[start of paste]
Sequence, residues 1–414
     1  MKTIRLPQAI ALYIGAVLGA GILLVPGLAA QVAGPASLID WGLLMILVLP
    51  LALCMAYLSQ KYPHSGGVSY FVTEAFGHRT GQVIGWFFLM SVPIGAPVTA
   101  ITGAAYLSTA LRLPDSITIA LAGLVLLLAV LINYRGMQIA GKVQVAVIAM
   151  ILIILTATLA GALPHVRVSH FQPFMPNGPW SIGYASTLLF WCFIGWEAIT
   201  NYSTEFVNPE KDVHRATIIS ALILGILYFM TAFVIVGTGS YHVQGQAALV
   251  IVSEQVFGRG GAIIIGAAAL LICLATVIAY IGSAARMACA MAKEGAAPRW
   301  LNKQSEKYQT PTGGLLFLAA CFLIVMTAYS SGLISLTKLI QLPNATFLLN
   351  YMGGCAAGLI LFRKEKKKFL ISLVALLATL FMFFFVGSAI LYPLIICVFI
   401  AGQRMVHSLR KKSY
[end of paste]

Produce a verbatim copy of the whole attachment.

Sequence, residues 1–414
     1  MKTIRLPQAI ALYIGAVLGA GILLVPGLAA QVAGPASLID WGLLMILVLP
    51  LALCMAYLSQ KYPHSGGVSY FVTEAFGHRT GQVIGWFFLM SVPIGAPVTA
   101  ITGAAYLSTA LRLPDSITIA LAGLVLLLAV LINYRGMQIA GKVQVAVIAM
   151  ILIILTATLA GALPHVRVSH FQPFMPNGPW SIGYASTLLF WCFIGWEAIT
   201  NYSTEFVNPE KDVHRATIIS ALILGILYFM TAFVIVGTGS YHVQGQAALV
   251  IVSEQVFGRG GAIIIGAAAL LICLATVIAY IGSAARMACA MAKEGAAPRW
   301  LNKQSEKYQT PTGGLLFLAA CFLIVMTAYS SGLISLTKLI QLPNATFLLN
   351  YMGGCAAGLI LFRKEKKKFL ISLVALLATL FMFFFVGSAI LYPLIICVFI
   401  AGQRMVHSLR KKSY